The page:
By Nicole Unice
Yesterday I stepped into my closet to scan my bottom-half options. One, two, five pairs of khaki pants hung together, jostling one another for my attention. They seem to holler “Grownup! Professional! Wear me.” I leave them stuffed between three pairs of black pants and a blazer I wore once to the office, but took off before I saw any clients.
Seems like every time (or the one time) that I wore them this year, I felt like I was being something that I wasn’t. Something that didn’t quite fit.
I’m stepping out of those khakis—and everything they stand for—after seven years as a counseling “professional.” They are just pants, but they represent an image I thought I needed to project, one of maturity and wisdom.
How could I love on teenage girls if their parents thought I looked too young to be paid? How could I know what I was talking about if I couldn’t wear pumps with panache?
Silly, of course.
But somehow I believed it to be true. That my real self wasn’t good enough to “professionally” guide, love and instruct others.
Over time, the strict boundaries of the office—watching the minutes, writing treatment plans, looking for progress—morphed, as I did. I found myself praying for clients as I was often without words. Sometimes I took teenagers to the park or the coffee shop. Some of them started coming to my church, because I invited them, a clear no-no of professional relationships. My understanding of “profession” become cloudy. How do I love within the confines of this experience?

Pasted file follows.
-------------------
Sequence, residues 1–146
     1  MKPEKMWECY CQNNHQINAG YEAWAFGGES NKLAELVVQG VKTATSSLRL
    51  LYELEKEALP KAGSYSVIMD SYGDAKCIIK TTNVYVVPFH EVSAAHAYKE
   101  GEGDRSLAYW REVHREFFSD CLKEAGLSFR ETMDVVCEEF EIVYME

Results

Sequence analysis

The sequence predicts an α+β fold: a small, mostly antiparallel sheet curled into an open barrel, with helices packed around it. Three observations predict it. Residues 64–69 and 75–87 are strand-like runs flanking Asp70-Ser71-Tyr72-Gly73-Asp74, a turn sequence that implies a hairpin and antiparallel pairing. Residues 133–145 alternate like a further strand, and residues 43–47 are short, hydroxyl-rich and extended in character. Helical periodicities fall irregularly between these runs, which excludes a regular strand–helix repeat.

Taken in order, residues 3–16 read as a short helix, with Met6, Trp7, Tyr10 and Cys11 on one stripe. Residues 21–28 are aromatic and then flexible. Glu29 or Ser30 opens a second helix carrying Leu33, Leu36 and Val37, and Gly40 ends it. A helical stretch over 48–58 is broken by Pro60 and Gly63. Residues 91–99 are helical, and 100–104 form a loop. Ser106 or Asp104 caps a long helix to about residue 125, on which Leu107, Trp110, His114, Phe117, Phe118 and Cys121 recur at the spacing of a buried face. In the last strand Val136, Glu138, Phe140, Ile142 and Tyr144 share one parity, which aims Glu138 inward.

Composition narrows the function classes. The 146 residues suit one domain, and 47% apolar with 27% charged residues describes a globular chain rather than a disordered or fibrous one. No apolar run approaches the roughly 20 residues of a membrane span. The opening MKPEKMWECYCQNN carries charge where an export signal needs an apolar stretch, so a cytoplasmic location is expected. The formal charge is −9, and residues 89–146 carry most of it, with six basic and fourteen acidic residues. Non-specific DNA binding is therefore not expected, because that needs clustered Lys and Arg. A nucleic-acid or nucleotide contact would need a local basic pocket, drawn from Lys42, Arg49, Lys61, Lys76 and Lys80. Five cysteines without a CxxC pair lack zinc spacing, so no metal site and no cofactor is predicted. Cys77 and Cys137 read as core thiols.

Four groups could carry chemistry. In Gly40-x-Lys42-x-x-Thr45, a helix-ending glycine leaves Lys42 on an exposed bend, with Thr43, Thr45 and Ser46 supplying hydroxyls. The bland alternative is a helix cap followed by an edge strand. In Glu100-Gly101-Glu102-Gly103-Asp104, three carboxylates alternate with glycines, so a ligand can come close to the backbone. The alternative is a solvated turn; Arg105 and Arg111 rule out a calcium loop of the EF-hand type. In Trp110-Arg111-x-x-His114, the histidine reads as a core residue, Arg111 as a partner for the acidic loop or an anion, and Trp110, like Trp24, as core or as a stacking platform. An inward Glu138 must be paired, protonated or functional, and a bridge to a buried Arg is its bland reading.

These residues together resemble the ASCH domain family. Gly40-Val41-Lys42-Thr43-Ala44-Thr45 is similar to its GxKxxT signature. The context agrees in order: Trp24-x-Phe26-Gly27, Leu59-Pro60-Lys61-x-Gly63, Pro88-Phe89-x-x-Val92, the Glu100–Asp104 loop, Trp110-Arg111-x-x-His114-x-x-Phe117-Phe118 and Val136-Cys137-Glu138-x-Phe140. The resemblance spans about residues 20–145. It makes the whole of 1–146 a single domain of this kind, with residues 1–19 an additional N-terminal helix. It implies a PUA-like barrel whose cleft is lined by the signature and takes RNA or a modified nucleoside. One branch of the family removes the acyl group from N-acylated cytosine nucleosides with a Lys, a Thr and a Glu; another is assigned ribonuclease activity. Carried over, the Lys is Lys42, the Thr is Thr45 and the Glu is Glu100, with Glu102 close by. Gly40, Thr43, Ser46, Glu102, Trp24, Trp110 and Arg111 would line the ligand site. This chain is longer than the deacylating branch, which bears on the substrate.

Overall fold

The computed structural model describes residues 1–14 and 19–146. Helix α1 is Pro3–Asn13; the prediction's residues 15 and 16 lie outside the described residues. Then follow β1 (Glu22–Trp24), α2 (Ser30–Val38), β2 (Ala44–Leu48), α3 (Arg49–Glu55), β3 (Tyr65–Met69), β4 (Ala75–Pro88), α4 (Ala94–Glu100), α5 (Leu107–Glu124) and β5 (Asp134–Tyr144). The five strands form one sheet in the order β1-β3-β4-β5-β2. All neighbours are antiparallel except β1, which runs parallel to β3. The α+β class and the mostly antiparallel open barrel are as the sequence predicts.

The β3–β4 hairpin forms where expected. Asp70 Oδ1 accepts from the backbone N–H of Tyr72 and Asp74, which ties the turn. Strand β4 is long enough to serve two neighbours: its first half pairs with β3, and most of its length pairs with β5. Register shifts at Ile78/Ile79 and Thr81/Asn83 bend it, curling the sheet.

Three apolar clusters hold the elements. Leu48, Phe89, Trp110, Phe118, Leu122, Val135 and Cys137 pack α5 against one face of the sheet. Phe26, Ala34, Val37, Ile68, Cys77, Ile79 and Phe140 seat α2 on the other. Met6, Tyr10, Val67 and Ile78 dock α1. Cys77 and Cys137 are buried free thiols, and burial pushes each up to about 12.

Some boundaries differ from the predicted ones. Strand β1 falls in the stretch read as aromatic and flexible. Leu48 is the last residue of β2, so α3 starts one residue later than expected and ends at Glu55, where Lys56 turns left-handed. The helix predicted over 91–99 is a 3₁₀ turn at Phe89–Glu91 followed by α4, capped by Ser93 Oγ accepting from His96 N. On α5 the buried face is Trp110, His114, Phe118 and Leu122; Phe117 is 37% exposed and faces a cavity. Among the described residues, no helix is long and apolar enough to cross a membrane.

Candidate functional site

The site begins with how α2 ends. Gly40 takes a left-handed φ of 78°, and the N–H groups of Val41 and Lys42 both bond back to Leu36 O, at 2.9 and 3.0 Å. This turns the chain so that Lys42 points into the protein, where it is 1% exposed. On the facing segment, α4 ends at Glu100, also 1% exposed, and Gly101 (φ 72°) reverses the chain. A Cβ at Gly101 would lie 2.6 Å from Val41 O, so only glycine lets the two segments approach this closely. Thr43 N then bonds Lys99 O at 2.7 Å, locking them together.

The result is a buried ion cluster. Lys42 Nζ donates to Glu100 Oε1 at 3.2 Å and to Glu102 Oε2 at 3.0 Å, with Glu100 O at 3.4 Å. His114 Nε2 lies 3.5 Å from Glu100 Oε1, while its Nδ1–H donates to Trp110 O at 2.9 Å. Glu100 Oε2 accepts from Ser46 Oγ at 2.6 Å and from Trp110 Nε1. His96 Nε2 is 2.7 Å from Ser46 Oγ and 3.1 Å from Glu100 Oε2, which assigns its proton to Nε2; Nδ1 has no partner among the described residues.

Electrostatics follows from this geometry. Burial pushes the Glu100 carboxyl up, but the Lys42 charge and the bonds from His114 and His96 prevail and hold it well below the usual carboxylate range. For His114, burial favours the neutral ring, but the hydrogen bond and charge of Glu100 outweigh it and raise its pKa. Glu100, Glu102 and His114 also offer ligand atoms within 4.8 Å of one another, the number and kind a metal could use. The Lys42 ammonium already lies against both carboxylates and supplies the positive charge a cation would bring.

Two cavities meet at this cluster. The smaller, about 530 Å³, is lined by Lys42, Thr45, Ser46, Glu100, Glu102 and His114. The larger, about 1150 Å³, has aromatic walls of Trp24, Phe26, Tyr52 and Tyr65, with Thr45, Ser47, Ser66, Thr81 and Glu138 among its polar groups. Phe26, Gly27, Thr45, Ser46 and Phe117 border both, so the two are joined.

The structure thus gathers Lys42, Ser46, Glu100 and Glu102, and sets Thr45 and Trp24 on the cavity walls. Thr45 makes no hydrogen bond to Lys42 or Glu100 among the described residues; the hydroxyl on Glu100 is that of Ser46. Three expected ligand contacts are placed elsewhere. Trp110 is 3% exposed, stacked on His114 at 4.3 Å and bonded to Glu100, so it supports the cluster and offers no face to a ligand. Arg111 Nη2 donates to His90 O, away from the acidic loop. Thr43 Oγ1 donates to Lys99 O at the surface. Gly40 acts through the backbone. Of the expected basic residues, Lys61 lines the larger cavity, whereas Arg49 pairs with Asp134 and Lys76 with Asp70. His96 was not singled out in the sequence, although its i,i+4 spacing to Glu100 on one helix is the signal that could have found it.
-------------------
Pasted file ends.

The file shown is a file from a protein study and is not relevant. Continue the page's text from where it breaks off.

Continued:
Bit by bit, what felt like the perfect fit became uncomfortable. The evening and weekend hours—perfect with little children at home—became burdensome as I traded nap strategies for spelling tests.
I tried to shake it off—surely this was my call. All work feels like work sometimes. It’s just burnout. But the feeling wouldn’t go away.
A few weeks ago I spent time with a spiritual director. We discussed my hang-ups with Jesus’ words, paraphrased in the Message: “Learn the unforced rhythms of grace. I won’t lay anything heavy or ill-fitting on you.” (Matthew 11:29)
Ill-fitting. Like my khakis, something about life didn’t quite fit. She pointed out: “perhaps this role was right for a time, but God is calling you to something new.”
So, I step out into the unknown, unpaid land of ministry. Degree in hand, I tremble. Is it anticipation or anxiety? I don’t know, and it still doesn’t feel quite right. But I fold the khakis and slide them, stacked one on the other, to the back of the closet.
Yesterday, I left my khakis and bought something I’ve eyed for three years. A denim skirt, faded, with a frayed hem. It will go perfect with my cowboy boots in the spring and my flip-flops in the summer. And that fits just right, for now.
Learning to live and to lead means I am stuttering toward his rhythms of grace, letting go of what was and moving toward what is to come. And I am trying to trust him, that folding up my khaki pants and embracing my denim mini is just what He would have me to do.